The second set of problems has to do with the kernel function. Right now, it looks to me as if gradients have a limited area of effect that is constant in size. But I think larger gradients should have effect on larger areas, so we may need a non-stationary kernel function.
Posted by Daniel Grollman at 18:02
25 August 2011
Today I looked at using the velocity of human trials in parameter space to constrain the gradient of the reward function. Using a GPR, we can condition the value at a point on the gradients of the value at another point. The novelty here is that we never observe any actual values, but we can predict them
Doing the math, things work. But the results don't quite make sense. The predicted values are HUGE, which I gues is ok since I never observe real values, and have fairly large gradients. But, the predicted gradients are also ginormous, and not always pointing the right way.
And yes, I had to drop BACK to 1D to test this. Rargh.
Posted by Daniel Grollman at 18:08
24 August 2011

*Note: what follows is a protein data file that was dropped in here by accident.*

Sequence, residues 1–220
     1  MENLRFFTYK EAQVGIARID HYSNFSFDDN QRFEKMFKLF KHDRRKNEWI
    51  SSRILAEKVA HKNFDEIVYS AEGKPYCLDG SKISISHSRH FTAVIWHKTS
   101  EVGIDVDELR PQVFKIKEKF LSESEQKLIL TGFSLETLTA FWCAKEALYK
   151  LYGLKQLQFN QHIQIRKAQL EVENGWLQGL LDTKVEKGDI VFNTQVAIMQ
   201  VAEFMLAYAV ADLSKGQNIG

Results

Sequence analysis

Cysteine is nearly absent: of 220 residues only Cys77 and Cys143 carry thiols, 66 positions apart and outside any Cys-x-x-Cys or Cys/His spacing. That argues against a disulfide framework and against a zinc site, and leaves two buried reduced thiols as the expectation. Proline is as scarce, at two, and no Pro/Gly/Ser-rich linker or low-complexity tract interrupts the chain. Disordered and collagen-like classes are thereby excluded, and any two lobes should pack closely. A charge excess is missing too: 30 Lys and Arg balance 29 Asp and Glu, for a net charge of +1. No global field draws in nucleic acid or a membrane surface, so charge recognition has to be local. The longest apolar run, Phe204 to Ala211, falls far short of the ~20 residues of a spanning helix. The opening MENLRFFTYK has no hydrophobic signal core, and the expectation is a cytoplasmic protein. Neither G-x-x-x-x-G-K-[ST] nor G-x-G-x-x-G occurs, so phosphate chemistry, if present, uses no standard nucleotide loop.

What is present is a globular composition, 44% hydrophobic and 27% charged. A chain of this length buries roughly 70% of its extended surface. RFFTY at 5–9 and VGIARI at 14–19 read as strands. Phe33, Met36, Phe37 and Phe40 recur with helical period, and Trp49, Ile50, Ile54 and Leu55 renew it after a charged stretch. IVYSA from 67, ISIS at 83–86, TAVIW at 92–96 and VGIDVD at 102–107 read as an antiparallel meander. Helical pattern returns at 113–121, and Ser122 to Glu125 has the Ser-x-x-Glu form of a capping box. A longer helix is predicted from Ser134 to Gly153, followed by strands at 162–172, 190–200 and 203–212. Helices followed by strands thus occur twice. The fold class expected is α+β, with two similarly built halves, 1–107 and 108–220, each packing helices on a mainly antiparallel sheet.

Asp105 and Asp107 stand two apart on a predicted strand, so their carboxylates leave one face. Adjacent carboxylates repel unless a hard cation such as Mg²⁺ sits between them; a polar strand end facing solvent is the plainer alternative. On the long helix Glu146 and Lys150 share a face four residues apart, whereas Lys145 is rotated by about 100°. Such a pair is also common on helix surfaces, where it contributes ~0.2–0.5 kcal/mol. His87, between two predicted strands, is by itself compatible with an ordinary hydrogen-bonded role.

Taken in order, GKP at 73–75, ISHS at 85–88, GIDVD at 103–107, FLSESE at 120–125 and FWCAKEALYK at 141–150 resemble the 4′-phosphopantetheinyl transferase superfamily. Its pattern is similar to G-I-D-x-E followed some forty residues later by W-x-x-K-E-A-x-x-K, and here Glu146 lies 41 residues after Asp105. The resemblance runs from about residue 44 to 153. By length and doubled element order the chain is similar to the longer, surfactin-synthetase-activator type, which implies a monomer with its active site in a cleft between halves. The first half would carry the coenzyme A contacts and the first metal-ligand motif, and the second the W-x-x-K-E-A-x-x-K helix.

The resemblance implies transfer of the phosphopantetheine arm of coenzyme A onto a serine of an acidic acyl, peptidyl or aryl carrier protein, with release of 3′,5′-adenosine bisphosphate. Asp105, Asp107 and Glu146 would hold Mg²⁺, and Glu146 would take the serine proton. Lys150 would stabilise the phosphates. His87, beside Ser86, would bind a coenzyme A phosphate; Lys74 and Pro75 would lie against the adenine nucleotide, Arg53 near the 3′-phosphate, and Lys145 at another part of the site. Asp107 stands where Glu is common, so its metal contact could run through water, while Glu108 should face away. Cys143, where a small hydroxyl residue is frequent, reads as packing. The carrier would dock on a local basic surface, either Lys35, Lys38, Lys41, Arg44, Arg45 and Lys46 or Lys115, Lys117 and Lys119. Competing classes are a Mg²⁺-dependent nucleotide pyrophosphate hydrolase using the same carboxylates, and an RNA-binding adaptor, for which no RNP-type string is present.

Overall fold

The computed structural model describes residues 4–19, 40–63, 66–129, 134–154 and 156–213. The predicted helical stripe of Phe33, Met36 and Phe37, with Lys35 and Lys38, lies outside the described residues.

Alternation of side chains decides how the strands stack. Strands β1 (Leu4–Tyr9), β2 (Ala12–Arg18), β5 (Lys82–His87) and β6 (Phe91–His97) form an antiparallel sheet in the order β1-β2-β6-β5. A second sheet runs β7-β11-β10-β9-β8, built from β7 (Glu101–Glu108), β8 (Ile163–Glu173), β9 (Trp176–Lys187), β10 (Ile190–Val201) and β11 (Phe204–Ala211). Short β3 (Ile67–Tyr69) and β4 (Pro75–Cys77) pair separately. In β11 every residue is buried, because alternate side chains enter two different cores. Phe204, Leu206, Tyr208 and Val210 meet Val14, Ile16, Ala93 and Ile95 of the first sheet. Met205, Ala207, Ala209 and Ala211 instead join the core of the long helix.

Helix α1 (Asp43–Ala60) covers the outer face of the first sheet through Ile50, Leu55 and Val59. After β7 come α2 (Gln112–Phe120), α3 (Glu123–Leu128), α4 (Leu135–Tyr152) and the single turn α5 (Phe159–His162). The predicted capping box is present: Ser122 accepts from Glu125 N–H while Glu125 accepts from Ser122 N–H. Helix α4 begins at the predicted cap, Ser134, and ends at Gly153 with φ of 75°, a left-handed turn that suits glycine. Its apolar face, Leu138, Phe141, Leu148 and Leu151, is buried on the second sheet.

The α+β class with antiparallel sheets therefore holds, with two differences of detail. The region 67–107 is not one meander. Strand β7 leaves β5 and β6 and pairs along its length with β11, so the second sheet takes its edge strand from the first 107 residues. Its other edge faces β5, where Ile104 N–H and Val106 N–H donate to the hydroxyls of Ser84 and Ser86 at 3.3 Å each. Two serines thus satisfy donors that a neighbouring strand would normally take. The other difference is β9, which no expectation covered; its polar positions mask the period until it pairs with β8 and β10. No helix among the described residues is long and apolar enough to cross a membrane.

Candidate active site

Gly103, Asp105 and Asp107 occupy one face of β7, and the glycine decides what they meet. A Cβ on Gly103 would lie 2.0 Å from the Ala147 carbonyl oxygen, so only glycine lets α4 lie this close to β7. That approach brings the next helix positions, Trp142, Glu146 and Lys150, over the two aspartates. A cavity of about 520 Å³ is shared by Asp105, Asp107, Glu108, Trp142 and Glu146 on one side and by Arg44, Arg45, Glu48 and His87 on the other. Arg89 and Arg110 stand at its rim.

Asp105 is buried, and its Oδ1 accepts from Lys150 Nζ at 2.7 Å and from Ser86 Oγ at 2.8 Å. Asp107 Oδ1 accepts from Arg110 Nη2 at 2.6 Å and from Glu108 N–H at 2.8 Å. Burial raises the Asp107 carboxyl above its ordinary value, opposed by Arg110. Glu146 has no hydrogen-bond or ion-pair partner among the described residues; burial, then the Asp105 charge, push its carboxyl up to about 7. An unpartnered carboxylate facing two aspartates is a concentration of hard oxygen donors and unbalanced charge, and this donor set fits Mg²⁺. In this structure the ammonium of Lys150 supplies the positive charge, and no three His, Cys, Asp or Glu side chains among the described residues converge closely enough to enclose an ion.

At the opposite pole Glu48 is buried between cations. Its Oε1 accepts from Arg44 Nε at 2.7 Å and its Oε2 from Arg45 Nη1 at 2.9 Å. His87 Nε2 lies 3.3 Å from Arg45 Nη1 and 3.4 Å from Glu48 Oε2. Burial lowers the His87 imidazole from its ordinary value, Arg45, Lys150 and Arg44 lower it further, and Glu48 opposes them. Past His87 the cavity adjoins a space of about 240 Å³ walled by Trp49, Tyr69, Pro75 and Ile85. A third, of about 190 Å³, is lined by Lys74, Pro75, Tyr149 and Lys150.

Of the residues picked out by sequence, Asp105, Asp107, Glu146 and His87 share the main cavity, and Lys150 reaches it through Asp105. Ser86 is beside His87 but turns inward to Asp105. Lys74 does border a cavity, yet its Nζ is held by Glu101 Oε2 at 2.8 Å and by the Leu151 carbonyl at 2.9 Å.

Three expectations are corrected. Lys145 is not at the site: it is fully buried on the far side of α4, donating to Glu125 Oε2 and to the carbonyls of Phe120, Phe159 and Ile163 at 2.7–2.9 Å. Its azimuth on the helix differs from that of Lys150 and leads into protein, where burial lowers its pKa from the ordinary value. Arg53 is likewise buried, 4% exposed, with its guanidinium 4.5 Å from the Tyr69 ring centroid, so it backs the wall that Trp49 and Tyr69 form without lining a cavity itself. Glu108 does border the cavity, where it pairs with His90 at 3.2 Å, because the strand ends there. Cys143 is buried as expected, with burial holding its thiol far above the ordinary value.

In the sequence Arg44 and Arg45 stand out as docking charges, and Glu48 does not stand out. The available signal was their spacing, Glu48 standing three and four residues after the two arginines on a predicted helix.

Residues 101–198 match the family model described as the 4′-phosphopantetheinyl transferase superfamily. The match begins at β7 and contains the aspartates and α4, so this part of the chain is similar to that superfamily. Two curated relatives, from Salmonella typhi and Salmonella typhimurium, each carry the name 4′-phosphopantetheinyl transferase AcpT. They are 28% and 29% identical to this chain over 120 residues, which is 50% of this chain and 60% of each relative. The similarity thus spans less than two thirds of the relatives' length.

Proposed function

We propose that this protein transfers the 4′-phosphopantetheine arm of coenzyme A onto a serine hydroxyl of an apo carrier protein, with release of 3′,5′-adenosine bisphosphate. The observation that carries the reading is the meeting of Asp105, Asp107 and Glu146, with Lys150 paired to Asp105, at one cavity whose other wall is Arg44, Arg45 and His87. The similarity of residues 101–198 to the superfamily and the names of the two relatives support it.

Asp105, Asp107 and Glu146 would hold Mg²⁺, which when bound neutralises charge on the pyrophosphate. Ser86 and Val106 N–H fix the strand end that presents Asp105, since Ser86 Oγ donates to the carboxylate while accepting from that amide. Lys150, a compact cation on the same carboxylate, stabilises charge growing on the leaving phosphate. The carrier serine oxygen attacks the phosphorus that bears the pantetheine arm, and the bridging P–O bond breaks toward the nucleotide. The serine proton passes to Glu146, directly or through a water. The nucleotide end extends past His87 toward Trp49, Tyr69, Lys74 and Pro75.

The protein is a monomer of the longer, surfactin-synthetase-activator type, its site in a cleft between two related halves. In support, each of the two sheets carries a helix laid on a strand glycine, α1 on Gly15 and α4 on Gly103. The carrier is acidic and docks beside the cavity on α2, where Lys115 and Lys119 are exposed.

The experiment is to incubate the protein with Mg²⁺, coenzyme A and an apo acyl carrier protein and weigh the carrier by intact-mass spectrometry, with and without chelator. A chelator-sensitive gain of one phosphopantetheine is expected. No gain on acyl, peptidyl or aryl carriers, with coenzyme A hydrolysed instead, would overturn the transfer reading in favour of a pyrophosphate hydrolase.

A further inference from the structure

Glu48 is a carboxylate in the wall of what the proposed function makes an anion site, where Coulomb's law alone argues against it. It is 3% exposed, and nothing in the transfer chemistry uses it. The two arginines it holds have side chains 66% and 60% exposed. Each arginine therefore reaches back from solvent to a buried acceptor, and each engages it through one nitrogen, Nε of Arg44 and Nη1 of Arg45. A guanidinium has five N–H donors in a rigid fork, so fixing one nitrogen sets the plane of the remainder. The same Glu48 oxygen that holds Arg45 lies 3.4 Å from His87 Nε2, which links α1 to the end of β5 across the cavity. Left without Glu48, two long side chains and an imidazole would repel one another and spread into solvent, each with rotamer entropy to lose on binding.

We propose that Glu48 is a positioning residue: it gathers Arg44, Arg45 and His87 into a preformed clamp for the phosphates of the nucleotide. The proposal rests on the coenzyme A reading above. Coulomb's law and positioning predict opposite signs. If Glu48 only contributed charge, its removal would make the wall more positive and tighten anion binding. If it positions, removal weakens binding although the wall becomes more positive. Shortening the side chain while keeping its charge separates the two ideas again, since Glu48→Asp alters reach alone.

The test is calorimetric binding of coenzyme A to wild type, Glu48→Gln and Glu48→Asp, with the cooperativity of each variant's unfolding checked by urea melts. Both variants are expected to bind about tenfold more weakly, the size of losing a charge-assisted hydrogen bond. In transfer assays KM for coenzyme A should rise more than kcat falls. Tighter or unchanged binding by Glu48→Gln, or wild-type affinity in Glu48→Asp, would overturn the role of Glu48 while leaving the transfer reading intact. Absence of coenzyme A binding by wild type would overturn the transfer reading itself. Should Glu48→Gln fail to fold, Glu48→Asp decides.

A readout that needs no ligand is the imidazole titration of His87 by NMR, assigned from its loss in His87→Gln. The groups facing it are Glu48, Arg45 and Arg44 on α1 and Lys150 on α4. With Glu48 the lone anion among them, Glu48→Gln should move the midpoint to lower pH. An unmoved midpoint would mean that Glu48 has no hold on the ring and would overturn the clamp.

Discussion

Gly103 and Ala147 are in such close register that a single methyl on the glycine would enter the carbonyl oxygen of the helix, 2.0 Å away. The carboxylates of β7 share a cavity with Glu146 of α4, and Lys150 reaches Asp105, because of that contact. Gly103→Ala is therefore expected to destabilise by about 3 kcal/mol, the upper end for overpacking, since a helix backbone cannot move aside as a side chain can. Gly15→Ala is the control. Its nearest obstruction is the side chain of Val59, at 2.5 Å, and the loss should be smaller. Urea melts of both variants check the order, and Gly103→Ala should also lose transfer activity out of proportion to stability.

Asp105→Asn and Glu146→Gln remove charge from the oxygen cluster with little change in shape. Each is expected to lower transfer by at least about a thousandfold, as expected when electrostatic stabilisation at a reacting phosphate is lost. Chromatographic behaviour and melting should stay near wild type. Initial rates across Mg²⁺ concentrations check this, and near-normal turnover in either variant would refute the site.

Well, that didn't work. After all this work, I come up with what should've been an unsurprising result. Basically, the best thing to do overall is to plop a big Gaussian down over the human's last trial and go from there. A circular search going outward should find the solution better than anything else. We can speed it up a bit by stretching the circle to go along with the human's trials (actually, maybe not if the human missed something), and we can of course skip over the areas that the human already tried, but that's about as good as we get.
And it's not good enough.
It comes down to the fact that without reward information, we're flying blind. And, since we're not getting a reward function, we're going to have to infer one. Which means IRL of some sort. But, from failure....dum dum dummmmmmm.
So, if we assume reward is linear in feature space (parameters or gaussian kernels or what?), can we use the demonstrated search pattern to infer a reward function? And then try the max? And when that doesn't work, update?
I'm thinking perhaps a hetGPR. I remember reading a paper where the gradient information is used to constrain the values, need to look that up. It was: GP Implicit Surfaces for shape estimation and grasping